“The first thing you learn is to walk on the right side down the halls. If you don’t, you will get plowed over.”
Parson believes the school will miss retiring principal Ed Lucas. “He’s been a good principal. He follows the rules but he’s not in your face about it. He’s easy going and is always willing to explain what he does.”
Parson is the daughter of Marguerite Parson and Steve Parson.
Johan Friisoe, 18, will be heading Norway later this year to live with relatives and attend a transition school there with his friend and fellow graduate Eric Anderson. He will be studying Norwegian and continuing his training in ceramics there.
Friisoe said he has enjoyed the increased freedom being a senior has meant. Along with his remaining classes, he has enjoyed his independent study in ceramics with art teacher Nick Lund. “I’ve really liked working with him and the class always is interesting and fun. It’s been an important part of my time here.”
When asked why he likes making pottery, Friisoe said he believes “it harnesses the culture.”
“You can see the influences of the land in the clay from different places like the rocky terrain of Lake Superior or the prairie of Nebraska and then the culture of the place in the design.”
He also enjoyed his advanced placement psychology course with teacher Jason Swavely. “It was a really interesting look at day to day life.”
Friisoe said he is more ambitious now than he was when he started high school, and more shy. He said his confidence grew as he found something he was good at and enjoyed. He also believes travel including a school trip to Paris has changed him and he urges underclassmen to take advantage of any opportunities they can.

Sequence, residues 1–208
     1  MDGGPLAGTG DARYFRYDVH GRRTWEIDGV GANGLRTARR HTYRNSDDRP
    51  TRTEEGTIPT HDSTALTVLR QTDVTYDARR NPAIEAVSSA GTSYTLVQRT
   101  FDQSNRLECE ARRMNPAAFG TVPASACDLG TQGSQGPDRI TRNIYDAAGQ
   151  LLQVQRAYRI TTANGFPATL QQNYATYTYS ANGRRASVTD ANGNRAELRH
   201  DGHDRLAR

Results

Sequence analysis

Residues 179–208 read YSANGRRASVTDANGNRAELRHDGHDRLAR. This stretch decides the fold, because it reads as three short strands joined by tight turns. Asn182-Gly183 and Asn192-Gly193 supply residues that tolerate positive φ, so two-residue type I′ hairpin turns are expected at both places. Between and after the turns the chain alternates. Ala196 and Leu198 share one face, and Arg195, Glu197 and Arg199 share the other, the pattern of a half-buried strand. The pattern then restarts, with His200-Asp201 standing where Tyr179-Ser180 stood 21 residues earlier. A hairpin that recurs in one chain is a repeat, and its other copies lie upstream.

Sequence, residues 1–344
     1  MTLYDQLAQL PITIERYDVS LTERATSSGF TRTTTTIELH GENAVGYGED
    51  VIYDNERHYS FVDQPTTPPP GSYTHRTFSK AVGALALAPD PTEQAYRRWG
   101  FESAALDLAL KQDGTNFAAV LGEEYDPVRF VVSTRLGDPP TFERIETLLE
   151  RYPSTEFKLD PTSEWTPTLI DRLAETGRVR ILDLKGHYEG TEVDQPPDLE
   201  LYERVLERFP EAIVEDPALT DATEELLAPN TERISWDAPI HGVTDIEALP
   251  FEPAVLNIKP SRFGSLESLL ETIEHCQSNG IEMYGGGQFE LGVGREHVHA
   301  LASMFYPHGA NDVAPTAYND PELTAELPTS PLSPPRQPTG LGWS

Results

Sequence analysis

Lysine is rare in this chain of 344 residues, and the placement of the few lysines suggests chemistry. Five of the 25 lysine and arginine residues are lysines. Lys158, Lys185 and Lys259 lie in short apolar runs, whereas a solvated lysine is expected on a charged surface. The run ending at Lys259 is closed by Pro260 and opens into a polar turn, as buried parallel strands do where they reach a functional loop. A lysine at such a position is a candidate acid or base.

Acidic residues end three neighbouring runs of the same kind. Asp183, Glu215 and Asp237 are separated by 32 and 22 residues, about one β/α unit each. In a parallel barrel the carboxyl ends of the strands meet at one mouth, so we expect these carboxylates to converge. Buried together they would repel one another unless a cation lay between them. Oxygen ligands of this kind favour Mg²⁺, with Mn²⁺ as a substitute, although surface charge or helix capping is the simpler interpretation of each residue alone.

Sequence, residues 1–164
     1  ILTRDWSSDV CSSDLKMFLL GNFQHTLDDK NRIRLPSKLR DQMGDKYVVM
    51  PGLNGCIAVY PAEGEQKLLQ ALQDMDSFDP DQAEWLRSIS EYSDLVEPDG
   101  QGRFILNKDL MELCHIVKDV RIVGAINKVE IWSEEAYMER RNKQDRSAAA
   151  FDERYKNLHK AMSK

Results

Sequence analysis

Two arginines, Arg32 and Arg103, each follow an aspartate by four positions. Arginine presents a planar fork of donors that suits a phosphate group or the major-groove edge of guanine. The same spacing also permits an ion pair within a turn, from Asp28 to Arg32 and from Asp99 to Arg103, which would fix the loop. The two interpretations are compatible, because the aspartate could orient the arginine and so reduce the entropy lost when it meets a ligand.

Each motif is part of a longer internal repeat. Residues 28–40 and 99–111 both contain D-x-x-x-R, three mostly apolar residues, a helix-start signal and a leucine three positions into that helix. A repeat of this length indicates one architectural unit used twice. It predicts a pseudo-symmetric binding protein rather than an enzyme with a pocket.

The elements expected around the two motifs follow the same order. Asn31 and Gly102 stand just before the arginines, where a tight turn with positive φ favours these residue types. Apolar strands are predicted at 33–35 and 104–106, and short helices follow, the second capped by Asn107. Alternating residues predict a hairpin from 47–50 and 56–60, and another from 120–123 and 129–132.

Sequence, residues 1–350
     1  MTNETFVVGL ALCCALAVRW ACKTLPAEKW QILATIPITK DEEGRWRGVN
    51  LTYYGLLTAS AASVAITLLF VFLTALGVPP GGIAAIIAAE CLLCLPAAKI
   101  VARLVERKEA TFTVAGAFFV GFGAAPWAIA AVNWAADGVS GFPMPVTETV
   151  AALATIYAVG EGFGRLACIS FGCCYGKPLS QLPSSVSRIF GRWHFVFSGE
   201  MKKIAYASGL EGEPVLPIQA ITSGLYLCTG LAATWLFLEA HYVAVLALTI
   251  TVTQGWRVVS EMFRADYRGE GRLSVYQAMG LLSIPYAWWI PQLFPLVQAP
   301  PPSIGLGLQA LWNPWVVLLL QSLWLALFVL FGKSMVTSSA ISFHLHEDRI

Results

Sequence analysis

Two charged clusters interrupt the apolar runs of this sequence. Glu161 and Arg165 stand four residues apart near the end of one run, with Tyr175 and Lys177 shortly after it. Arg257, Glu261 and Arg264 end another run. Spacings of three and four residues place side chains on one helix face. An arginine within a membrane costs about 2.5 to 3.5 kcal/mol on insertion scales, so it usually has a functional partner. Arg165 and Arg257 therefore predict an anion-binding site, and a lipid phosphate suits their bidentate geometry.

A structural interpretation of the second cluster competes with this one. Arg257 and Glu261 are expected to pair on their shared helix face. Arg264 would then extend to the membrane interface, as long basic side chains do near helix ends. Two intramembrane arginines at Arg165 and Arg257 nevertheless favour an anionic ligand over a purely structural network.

Friisoe isn’t sure what he will do following his year in Norway but he may attend UW-River Falls to continue his art studies as well as his interest in political science and psychology. And travel will continue to be on his itinerary.
Friisoe is the son of Linda Emmons and Geir Friisoe.
Marki Turner, 17, isn’t wasting any time getting on with life after high school. She will report for basic training with the U.S. Marine Corps in August.
“I’ve always known I wanted to join the military and the Marines are the elite and best trained. I will probably become a police officer after that.”
Turner said when she started high school she wasn’t interested in working very hard but things have changed. “I’ve grown up a lot in the last couple of years. I was lazy those first years but now that’s all changed. I’m working toward something important to me.”
The death of classmate and friend Luke Zietlow following a car accident two years ago had a big impact on Turner.
“I just realized that if there is something you want to do, you shouldn’t wait or put it off because none of us knows how long we have. And when I do things I like to think I’m also doing them for Luke because he isn’t here to do them for himself.”
She said she has school friends who are skeptical about her post-graduation choice. Petite Turner says that some of her friends think she won’t make it as a Marine.
However, she has another group of friends, fellow recruits including her recruiter, Staff Sgt. Scott Cole, who meet regularly, who fully support her decision. “They are like family to me and give me a big boost.”
Turner said her parents, especially her mother, were not sure about the Marines either. In fact, her mother, who works in the HHS cafeteria, told Turner that she better tell the recruiter he better wear Kevlar the day he came to meet her at the school.
“But he has totally won her over. He explained about the training I would get and where I would serve and she is 100 percent less worried. She brings him cookies now.”
Turner said she is aware that she could end up in Afghanistan in the middle of a war but she isn’t worried. “I believe in the mission there and what we are doing there. I don’t believe they (the Marines) would send me if it wasn’t for a good reason.”
Turner said there are things she will miss about HHS. She has especially enjoyed her senior year and has fond memories of tech ed classes with Aaron Haskins. “I like the hands-on experience of those classes.”
Turner is the daughter of Mark and Lori Turner.
Chas Larson, 18, already misses what he loved most about high school—football.